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2020 Publication

The Privatization of Rosneft: An Unintended Consequence of the Coronavirus Pandemic and the 2020 Oil Crisis

Nadezhda Stepanova, invited researcher at the Aleksanteri Institute, affiliated with our research group, co-wrote a text about the oil crisis 2020 and privatization of Rosneft as an unintended consequence of the COVID-19 pandemic. The analytical essay is part of the Politics&Pandemics special series and is published at the ElMaRB project blog.

Some day in the future, economic historians will likely consider the dramatic decline of international oil prices, which occurred in March 2020, as a turning point in the development of the global petroleum industry. This collapse puts the end to the era of expansive oil, which began after the Iraq war of 2003. That era is over now as the global economy seems to return to a period of low oil prices, similar to the one at the end of the 20th century after 1986.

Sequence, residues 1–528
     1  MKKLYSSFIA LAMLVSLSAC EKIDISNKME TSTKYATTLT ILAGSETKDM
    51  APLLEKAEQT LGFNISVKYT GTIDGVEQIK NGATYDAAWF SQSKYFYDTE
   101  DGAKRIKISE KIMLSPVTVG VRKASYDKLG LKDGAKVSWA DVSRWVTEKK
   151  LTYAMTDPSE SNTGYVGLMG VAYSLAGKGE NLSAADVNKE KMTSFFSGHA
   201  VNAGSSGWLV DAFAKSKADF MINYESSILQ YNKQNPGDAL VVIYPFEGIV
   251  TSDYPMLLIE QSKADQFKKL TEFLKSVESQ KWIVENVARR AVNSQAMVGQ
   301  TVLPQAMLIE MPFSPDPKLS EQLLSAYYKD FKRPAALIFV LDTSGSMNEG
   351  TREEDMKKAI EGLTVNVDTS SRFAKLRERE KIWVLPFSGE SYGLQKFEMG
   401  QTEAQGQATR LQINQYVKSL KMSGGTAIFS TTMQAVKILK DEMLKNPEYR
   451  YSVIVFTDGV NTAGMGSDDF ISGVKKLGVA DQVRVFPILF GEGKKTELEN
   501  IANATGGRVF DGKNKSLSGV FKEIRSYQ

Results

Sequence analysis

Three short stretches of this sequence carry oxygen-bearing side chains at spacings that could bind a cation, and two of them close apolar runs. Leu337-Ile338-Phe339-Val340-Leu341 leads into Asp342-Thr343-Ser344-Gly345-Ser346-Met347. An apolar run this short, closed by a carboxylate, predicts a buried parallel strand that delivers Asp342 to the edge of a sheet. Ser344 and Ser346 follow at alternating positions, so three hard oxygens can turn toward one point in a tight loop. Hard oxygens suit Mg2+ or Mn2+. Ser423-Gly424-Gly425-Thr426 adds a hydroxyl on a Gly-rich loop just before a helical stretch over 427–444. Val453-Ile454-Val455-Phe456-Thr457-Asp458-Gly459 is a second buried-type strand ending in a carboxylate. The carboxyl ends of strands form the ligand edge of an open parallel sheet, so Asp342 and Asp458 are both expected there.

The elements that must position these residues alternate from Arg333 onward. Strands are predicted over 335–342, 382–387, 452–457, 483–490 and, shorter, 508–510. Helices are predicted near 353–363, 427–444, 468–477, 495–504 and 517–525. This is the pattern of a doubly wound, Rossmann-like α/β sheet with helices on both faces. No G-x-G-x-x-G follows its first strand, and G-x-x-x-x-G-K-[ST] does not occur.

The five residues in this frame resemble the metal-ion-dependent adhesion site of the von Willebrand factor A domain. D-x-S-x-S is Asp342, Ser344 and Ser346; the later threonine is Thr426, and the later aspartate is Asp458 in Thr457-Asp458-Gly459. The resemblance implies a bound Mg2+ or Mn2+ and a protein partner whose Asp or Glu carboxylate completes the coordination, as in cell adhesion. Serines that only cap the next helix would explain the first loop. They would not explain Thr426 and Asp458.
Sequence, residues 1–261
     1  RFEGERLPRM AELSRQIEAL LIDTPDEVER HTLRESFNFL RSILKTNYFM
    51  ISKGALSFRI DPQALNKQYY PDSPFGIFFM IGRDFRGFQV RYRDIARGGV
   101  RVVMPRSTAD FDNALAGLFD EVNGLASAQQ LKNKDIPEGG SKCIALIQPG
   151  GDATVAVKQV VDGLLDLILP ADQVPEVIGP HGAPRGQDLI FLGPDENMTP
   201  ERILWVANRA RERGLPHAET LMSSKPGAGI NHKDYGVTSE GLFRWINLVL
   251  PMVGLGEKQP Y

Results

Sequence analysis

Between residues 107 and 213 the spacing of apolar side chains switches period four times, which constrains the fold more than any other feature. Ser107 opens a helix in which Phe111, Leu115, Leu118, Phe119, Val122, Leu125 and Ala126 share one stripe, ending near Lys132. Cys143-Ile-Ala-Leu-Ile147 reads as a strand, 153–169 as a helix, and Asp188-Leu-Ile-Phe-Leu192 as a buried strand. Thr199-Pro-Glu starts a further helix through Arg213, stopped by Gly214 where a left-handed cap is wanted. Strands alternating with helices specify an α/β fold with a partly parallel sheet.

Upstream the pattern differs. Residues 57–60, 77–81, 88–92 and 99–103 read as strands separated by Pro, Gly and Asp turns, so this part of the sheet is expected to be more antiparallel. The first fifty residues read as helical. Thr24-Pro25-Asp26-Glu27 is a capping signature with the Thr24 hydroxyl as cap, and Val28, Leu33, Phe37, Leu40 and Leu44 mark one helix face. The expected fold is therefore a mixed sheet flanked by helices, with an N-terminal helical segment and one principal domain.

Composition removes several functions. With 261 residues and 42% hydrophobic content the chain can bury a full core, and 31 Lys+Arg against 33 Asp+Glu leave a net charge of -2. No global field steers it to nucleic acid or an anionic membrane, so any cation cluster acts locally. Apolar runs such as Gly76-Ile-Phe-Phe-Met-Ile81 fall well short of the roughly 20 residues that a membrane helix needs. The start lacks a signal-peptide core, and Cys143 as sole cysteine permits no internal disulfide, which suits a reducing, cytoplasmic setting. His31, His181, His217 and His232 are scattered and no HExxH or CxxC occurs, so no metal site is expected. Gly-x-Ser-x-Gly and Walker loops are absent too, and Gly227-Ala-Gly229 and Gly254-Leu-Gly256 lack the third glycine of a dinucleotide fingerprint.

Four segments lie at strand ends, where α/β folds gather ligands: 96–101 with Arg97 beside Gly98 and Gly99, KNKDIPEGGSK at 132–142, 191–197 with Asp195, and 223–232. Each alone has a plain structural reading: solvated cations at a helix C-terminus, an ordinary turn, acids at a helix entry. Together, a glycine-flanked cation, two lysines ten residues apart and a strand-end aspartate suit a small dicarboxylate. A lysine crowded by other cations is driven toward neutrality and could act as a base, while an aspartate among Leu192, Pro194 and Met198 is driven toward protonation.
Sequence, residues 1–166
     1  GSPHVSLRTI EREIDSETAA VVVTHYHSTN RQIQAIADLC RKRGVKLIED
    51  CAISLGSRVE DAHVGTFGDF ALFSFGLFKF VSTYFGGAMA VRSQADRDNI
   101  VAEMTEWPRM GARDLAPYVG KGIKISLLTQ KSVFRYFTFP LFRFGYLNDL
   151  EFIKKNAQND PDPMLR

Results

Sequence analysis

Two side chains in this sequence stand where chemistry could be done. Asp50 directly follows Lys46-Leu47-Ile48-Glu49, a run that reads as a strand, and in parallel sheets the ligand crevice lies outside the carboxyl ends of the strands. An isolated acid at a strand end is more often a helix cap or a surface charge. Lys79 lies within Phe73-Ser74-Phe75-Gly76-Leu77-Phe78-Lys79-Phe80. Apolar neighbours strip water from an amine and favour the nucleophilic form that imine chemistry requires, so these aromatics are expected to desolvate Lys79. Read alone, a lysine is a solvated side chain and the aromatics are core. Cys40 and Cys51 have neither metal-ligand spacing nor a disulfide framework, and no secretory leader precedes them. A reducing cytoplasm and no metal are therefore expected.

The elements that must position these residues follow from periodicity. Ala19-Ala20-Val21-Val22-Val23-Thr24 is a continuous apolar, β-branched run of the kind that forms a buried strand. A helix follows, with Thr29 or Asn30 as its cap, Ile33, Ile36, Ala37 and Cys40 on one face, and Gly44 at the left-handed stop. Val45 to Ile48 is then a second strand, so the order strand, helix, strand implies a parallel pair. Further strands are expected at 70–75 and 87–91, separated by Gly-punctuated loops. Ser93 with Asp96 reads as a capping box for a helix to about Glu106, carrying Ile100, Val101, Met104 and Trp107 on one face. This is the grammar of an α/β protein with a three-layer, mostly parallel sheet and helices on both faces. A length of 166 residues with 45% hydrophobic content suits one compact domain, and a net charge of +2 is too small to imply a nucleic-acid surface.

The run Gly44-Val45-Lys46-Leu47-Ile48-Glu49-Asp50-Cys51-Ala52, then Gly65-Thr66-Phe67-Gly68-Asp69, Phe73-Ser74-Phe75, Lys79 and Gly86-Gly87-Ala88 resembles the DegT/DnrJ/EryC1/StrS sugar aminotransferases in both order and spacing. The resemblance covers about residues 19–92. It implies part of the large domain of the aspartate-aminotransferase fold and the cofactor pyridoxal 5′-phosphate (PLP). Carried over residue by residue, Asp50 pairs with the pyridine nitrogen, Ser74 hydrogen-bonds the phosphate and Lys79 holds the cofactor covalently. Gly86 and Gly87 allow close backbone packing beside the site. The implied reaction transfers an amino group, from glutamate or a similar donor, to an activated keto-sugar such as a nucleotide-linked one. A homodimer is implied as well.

There are a lot of explanations for the collapse of oil prices in the business and academic literature. Some experts think that the coronavirus pandemic undermines the global demand for petroleum, while other economists suppose that the dissolution of the coalition of OPEC countries and Russia in March 2020 was responsible for the destruction of the previous oil price equilibrium at the international oil market. However, the question of why this collapse of the oil price equilibrium happened is no longer relevant. The questions scholars should focus on now are how the decrease in oil prices will impact the economies of oil-exporting countries in the world after the pandemic? What reaction to this crisis can we expect from the governments of oil-producing countries? Finally, what will happen to the Russian economy?

The oil crisis and the escalating oil price war between Saudi Arabia and Russia of 2020 might open intellectual debate on what is the best way of the organization of the petroleum industry in the conditions of low oil prices. What model of petroleum ownership is optimal for the economy in the new age of cheap oil prices? What will the reaction of the state to this problem be? Could we expect the mass privatizations of state-owned oil companies around the world? This essay is an attempt at addressing the problem.